Douglass, O's come up short in loss to Jays

Rookie tough for 7 innings, but Halladay wins duel, 2-1

September 19, 2002|By Joe Christensen | Joe Christensen,SUN STAFF

Gone, it seems, are the days when the Orioles could scratch and claw and eke out victories in games when the pitching was solid for both sides. These days, they either blow out their opponent or they lose.

That made it tough for rookie pitcher Sean Douglass last night, when he made his best impression of the season and still came away with another loss.

Douglass held the Toronto Blue Jays to two runs in seven innings, but the Orioles were the ones slamming their bats and tossing their helmets in disgust.

Toronto ace Roy Halladay has mystified the Orioles like a sorcerer all season, and he was at it again, as the Blue Jays claimed a 2-1 victory before 20,928 at Camden Yards.

"Sean Douglass was outstanding tonight," Orioles manager Mike Hargrove said. "Halladay was just a little bit better."

With 11 games remaining, the Orioles are looking for positives to carry into next season, so the performance by Douglass made this loss a little easier to take. Still, it left them 2 1/2 games behind Toronto in their battle for third place in the American League East.

The Orioles are 4-21 in their past 25 games, and all four of their victories in that span have come by at least five runs. The formula that made them so effective early in the season -- get an early lead, no matter how small, and hand it to the bullpen -- has gone by the wayside.

"Tonight, you've got to tip your hat," Douglass said of Halladay, who is 3-0 against the Orioles this season with a 0.82 ERA. "He pitched great. Ninety percent of the time, you're going to win those games."

Halladay held the Orioles scoreless for seven innings, and then Blue Jays manager Carlos Tosca went to his bullpen, summoning Cliff Politte to protect a 2-0 lead. Tony Batista drew a leadoff walk and scored from first on a one-out double by Marty Cordova.

The Orioles had the tying run on second base, but Melvin Mora flied to left and Luis Lopez struck out, ending the inning.

Blue Jays closer Kelvim Escobar pitched a scoreless ninth inning for his 35th save, as Toronto improved to 11-4 on the season against the Orioles. The fans are doing a collective yawn this week, and this series has drawn the three smallest crowds in Camden Yards history.

Douglass' performance could have come in a vacuum, and the Orioles would have taken it. At 23, the hard-throwing right-hander represents a possible bright spot for the future, but after going 2-1 last September, he has yet to earn a victory this season.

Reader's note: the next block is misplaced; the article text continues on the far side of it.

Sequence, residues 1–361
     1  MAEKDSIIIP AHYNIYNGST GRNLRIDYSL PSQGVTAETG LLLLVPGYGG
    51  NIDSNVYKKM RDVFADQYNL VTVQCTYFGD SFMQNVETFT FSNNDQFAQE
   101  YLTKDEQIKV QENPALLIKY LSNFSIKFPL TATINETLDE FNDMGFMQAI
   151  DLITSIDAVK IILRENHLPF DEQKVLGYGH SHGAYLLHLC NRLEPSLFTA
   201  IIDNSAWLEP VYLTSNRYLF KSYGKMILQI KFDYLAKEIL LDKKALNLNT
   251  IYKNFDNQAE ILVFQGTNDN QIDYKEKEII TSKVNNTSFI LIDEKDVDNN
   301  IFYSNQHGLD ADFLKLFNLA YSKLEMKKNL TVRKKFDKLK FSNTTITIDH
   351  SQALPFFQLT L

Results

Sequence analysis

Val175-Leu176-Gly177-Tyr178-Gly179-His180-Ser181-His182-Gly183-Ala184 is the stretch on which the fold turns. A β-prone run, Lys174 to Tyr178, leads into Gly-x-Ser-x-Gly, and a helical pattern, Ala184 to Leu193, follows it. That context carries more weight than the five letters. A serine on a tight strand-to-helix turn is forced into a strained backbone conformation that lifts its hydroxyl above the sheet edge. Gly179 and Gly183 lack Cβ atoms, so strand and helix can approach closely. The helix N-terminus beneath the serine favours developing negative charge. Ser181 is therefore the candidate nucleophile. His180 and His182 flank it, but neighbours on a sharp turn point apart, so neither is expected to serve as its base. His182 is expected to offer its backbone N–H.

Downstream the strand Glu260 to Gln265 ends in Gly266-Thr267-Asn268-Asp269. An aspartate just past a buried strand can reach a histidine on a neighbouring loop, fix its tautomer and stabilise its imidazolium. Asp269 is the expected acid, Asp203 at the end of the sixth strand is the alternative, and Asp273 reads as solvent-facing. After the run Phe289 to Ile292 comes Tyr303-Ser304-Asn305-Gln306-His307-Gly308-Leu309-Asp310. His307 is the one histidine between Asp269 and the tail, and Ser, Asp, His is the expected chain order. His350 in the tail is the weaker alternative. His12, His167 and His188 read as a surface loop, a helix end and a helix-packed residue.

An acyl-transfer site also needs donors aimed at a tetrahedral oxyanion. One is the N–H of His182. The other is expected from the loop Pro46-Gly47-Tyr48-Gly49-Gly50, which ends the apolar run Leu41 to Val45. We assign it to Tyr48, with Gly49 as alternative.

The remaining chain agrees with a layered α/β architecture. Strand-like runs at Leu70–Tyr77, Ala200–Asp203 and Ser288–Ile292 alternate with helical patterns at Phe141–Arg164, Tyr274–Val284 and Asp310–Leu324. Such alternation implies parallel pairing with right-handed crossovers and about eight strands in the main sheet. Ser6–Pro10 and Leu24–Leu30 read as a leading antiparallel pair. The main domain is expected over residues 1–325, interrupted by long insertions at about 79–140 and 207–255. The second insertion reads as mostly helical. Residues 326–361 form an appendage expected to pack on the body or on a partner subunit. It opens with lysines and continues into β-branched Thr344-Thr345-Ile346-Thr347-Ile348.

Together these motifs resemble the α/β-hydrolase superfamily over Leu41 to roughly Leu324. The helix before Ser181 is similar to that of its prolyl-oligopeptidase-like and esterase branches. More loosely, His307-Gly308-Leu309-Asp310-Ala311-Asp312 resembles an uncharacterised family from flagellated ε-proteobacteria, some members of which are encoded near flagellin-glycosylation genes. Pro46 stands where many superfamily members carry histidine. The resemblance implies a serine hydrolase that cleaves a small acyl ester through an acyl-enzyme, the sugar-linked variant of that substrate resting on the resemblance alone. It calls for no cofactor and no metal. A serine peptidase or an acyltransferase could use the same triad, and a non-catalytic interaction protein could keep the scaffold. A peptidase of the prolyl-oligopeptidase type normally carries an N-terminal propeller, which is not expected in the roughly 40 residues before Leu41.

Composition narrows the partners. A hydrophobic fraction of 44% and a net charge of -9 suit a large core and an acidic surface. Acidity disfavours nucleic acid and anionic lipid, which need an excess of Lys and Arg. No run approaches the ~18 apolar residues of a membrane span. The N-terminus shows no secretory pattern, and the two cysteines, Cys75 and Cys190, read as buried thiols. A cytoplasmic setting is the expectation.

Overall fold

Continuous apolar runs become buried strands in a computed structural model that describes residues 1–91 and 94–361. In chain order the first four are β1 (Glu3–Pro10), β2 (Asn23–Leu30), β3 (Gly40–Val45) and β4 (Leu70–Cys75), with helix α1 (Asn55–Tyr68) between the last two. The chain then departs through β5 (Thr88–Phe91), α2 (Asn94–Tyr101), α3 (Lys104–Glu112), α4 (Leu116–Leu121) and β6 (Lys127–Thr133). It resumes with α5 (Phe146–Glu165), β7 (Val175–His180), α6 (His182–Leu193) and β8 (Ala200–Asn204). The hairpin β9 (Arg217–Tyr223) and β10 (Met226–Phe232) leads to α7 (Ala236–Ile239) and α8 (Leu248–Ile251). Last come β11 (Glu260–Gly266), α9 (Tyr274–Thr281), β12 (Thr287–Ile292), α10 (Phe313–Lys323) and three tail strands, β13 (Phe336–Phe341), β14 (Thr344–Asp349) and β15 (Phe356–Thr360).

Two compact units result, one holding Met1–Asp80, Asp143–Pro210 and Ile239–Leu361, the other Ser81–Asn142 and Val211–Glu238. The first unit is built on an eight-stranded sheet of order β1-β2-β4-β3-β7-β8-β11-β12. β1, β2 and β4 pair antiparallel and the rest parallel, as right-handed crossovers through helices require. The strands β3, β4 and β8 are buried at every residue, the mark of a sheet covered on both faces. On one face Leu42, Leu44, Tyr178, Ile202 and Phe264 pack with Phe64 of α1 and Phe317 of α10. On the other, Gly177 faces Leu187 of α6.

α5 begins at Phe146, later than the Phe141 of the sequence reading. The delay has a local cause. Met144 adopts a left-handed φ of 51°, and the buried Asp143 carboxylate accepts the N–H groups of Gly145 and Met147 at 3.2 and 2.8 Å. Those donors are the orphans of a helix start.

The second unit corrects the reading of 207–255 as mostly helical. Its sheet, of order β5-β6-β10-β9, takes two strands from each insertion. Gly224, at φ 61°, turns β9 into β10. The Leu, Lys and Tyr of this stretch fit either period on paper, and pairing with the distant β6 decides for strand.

This time, he matched Halladay in a scoreless duel, until Jose Cruz hit a run-scoring single in the fifth. Carlos Delgado added a leadoff homer in the seventh, his 28th, and beyond that, the Blue Jays managed just three hits off Douglass (0-4).

It was the first quality start of the season for Douglass, who had posted a 7.71 ERA in his six previous starts.

"Sean just has to realize that he can pitch here," Hargrove said. "And every time out, the lesson gets more ingrained. Tonight should have been a tremendous positive for Sean, other than the fact he got the loss. It was a very, very good start at the end of a long season."

At one time, Halladay (17-7) was just as impressionable, and this year he has blossomed into an All-Star. He entered the game with the eighth-best ERA in the AL and lowered it to 3.09.

"It would have been great to get [Douglass] a win tonight," Orioles right fielder Jay Gibbons said. "He pitched great."

Orioles shortstop Mike Bordick played his 100th consecutive game without an error last night and needs just one more to match the major-league record for a shortstop set by Rey Ordonez, from 1999 to 2000.

Bordick converted six chances, giving him an even 500 in a row without an error. On No. 500, Bordick hustled toward second base, fielded a chopper and threw out the speedy Vernon Wells at first base, ending the sixth inning with a runner on third.

"That's a tremendous achievement," Hargrove said. "I hope a lot that he makes [the record], but we'll see."

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